Xconomy continues its good series of articles spawned from Kevin Kinsella's comments that Big Pharma was becoming much more predatory in its behaviors within deals with biotechs. His basic point is that Big Pharma is destroying the VC investment ecosystem that really has supported the biotech industry over the years. Without that support, if Biotech VCs dry up - the capital to invest in "big projects" to attack the really tough diseases like cancers, neurodegenerative disorders, metabolic diseases, etc won't be there to take this to late stages.
Kinsella says that Antoine Papiernik's comments that this just reflects a weak point in history where pharma is in stronger financial position than biotech's and their VC backers misses the point. His contention is that this pharma behavior is unusual and is damaging the last of the VCs playing in the area. When these VCs are gone - and they can direct their money elsewhere whenever they want - then much new biotech development will also be gone or endangered. Then where will pharma get its new highly innovative products?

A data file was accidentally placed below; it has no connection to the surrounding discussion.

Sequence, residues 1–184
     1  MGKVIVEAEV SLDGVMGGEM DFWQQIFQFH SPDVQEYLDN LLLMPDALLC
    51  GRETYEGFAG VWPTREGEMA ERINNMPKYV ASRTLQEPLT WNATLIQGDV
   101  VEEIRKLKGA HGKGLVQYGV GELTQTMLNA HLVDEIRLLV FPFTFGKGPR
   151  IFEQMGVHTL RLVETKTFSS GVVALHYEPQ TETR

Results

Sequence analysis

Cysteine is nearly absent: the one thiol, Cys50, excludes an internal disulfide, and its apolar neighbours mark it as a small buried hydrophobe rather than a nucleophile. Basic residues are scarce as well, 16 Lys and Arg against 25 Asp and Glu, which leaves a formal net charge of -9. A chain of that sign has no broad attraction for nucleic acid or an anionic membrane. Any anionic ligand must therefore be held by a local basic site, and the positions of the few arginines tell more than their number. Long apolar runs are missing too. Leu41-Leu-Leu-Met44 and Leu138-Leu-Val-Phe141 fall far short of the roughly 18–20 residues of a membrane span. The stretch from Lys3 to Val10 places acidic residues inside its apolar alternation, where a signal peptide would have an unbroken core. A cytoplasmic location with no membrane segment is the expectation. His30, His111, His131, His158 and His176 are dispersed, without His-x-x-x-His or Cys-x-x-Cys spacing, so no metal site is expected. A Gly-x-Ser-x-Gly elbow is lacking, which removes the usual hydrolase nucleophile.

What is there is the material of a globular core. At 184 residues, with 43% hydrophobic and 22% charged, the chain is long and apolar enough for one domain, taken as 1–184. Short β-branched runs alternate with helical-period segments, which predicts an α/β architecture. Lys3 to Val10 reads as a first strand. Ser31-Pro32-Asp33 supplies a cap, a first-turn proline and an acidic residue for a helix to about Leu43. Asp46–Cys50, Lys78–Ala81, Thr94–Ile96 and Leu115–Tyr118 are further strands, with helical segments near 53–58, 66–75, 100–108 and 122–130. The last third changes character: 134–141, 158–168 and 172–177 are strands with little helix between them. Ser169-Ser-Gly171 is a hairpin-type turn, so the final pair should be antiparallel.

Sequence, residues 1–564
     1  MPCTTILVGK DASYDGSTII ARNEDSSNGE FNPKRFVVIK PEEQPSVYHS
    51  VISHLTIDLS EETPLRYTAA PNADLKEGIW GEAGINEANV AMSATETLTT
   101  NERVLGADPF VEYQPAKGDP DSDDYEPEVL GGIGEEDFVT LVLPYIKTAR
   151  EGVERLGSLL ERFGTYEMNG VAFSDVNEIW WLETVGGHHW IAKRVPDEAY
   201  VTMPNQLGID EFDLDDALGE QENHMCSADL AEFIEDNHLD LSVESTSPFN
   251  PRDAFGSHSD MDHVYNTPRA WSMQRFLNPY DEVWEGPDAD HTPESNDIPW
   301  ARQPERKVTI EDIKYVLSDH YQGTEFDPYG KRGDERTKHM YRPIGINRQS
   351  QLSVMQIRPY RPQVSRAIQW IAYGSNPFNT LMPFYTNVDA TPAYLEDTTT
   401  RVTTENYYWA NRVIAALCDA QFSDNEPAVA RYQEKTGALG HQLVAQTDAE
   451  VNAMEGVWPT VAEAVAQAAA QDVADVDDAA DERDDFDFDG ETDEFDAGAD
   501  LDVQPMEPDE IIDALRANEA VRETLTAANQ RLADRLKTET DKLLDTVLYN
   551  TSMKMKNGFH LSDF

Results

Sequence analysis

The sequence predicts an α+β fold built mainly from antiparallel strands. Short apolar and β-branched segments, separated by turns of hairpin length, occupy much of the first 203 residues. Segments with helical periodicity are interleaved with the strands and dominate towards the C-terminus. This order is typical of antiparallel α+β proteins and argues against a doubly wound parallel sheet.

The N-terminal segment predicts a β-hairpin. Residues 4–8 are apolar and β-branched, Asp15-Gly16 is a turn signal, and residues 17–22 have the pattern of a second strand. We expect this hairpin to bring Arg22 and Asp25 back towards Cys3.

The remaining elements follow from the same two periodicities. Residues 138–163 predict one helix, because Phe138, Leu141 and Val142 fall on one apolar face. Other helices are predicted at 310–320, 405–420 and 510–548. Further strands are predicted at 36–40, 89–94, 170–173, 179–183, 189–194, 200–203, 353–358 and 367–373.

If Kinsella's contentions are correct, and you look at how pharma (Sanofi's CEO today said they want to direct more investment to biotech) is actively trying to move into the biotech arena with deal making -- and if too high a percentage of these deals are bad for the biotech investors -- then one does indeed have to wonder where will the products come from?
It is possible to kill this golden goose too. Under this scenario, Big Pharma's short term gain is also its long term loss.
Posted by Bruce Lehr April 12th 2011.